Beyond the shortsightedness, irresponsibility and immorality of the president's planned withdrawal, what message is it sending to our young people about ethical social responsibility, and to "deniers" who don't understanding the gravity of climate change? What message is it sending about care for creation, the common good, environmental justice and the importance of the natural environment for life itself?

"The pace of consumption, waste and environmental change," the pope explains, "has so stretched the planet's capacity that our contemporary lifestyle, unsustainable as it is, can only precipitate catastrophes, such as those which even now periodically occur in different areas of the world. The effects of the present imbalance can only be reduced by our decisive action, here and now" (Laudato Si', 161).

Protecting the environment is, in fact, one of the key tenets of Catholic social teaching that has its roots in Scripture in the calls to do unto others as to ourselves, to love thy neighbor, to feed the hungry and care for the poor, and to promote the common good.

In caring for our environment, and particularly the climate, we not only help protect it for ourselves but also for our children and those most vulnerable — from those suffering the ravages of extreme weather in our own country, to those already suffering from drought, flooding and famine elsewhere in the world. If all we care about are our own interests, including living high-consumption lifestyles, then we are shortchanging our brothers and sisters who depend on a healthy environment for their very survival.

Beyond the human cost, Francis points out that nature has intrinsic value. Because God created the natural world and reveals himself through it, this is reason enough to appreciate and preserve it. As the pope says, "When nature is viewed solely as a source of profit and gain, this has serious consequences for society. ... Completely at odds with this model are the ideals of harmony, justice, fraternity and peace as proposed by Jesus" (Laudato Si', 82).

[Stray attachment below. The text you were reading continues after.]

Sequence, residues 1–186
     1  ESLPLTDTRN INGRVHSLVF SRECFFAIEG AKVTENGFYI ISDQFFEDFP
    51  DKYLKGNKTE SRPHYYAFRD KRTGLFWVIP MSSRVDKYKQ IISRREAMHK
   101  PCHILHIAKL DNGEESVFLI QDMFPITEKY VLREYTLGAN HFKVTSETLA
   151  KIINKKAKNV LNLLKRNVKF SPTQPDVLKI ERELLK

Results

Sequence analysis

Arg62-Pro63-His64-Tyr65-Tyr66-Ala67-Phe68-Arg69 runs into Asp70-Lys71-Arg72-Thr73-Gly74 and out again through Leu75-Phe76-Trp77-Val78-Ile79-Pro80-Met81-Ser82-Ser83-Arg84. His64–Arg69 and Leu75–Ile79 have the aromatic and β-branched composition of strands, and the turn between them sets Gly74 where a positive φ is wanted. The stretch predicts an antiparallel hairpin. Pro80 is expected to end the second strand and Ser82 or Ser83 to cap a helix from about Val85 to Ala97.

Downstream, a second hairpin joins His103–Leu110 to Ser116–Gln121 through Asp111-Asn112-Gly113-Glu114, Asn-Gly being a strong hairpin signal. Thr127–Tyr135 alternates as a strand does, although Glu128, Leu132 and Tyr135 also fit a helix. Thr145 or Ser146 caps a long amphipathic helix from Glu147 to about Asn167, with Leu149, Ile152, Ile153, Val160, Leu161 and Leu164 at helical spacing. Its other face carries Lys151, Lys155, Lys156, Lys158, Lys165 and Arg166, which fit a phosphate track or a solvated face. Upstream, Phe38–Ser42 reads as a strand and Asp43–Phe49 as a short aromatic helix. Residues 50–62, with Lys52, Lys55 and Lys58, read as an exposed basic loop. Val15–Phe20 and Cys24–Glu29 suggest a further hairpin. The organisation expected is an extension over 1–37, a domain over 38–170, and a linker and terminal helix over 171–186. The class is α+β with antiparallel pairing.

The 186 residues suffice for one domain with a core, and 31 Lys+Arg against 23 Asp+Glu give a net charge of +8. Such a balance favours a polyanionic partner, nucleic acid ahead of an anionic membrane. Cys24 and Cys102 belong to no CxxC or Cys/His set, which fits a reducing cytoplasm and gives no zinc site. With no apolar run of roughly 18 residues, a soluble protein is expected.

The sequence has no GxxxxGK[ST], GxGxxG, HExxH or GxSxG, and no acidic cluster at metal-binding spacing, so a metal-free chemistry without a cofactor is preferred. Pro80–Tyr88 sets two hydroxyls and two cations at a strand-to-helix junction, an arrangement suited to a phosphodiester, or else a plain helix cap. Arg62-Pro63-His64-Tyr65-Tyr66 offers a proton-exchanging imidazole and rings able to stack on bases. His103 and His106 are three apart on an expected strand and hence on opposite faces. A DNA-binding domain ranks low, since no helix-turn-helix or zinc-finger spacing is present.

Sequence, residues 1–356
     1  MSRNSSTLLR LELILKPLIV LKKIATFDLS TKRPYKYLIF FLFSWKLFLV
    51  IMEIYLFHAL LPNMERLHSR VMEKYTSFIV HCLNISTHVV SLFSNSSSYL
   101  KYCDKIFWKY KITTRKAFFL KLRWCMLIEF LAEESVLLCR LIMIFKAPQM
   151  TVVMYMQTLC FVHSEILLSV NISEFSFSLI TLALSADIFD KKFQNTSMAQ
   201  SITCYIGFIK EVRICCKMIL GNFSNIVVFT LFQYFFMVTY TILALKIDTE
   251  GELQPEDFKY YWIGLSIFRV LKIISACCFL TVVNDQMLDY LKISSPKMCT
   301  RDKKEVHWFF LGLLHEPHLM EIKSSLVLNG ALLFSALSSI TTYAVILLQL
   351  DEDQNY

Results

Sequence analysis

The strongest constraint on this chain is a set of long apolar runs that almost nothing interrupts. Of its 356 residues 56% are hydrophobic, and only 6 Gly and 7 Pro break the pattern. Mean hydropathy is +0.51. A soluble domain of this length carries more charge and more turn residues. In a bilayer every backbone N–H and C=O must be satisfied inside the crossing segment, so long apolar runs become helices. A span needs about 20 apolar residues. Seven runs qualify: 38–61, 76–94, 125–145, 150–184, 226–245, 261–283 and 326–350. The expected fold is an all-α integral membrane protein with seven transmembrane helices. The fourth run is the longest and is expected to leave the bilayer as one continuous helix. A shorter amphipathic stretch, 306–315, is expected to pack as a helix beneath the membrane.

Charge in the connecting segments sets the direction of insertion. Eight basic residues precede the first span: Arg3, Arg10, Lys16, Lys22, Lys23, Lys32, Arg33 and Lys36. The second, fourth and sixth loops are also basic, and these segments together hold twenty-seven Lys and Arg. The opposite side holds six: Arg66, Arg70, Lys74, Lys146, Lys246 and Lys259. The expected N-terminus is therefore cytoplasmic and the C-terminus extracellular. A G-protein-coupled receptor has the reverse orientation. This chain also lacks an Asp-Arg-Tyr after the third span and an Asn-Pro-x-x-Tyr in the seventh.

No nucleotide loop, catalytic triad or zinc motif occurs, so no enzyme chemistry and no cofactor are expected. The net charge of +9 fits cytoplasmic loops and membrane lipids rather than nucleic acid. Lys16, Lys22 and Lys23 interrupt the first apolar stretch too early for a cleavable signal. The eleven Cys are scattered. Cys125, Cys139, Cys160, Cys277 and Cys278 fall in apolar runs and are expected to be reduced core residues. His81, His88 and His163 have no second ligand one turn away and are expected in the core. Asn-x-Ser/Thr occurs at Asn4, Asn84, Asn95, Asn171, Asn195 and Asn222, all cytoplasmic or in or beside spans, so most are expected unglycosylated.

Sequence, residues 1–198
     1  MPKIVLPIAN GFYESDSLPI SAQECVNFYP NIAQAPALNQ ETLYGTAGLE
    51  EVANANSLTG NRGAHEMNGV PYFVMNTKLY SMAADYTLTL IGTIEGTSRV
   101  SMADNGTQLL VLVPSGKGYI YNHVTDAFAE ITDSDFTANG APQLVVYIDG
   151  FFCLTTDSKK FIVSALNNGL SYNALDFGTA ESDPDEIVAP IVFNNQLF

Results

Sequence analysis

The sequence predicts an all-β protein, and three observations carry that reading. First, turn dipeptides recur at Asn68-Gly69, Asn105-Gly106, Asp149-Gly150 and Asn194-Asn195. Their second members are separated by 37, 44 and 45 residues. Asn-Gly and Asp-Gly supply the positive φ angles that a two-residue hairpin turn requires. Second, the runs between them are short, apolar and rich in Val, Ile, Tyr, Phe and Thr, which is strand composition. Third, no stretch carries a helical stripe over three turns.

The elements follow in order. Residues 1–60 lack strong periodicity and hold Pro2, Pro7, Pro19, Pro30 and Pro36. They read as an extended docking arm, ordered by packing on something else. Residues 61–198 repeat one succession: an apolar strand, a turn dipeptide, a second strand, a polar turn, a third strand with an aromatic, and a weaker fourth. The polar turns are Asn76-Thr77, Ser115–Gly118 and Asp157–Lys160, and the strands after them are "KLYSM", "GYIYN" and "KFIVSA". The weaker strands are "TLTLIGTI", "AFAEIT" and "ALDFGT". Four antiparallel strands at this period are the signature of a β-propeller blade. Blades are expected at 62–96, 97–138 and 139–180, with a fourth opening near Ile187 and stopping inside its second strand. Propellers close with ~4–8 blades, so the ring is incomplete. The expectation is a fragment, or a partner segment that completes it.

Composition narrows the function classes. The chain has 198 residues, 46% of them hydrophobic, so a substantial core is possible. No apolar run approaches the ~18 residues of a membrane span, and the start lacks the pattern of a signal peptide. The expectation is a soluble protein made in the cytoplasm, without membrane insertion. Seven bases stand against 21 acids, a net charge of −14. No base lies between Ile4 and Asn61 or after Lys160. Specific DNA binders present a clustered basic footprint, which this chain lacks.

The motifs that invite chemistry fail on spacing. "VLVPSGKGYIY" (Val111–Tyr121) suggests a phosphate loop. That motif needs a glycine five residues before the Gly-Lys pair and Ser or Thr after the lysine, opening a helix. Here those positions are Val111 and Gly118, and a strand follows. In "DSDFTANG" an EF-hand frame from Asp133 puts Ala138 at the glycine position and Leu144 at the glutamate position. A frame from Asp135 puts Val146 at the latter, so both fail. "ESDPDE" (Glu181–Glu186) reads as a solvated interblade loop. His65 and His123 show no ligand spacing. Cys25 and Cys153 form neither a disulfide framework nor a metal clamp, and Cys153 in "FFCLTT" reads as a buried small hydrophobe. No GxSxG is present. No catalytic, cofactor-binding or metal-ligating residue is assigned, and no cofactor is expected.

If we really want to help the poor and needy, we can reduce emissions that contribute to climate change by reducing our own energy use and by speaking out against policies that support fossil fuels.

The saints laid the foundation of our faith through their individual actions in defending the faith, and as examples of Christ's love. Likewise, the new "saints" of today are those who care for creation, and are not afraid to speak up for the environment as a value for the common good, if not in its own right as part of God's creation. Said Francis, "Reducing greenhouse gases requires honesty, courage and responsibility" (Laudato Si', 169).

We, too, can help care for creation in our daily lives by choosing — and using — our own energy and resources wisely.

"We must regain the conviction that we have a shared responsibility for others and the world, and that being good and decent are worth it," the pope wrote. "We have had enough of immorality and the mockery of ethics, goodness, faith and honesty. ... When the foundations of social life are corroded, what ensues are battles over conflicting interests, new forms of violence and brutality, and obstacles to the growth of a genuine culture of care for the environment" (Laudato Si', 229).

On this second anniversary of Laudato Si', let us take Francis' words to heart in our own lives, for the sake of life itself.

[Michael Wright is author of 10 Things Pope Francis Wants You to Know About the Environment and Catholic Update: Pope Francis and the Environment (both from Liguori Publications). A NASA civil servant, he holds degrees in space sciences and space technology, and leads the environmental justice ministry at St. John the Baptist Catholic Church in New Freedom, Pennsylvania.]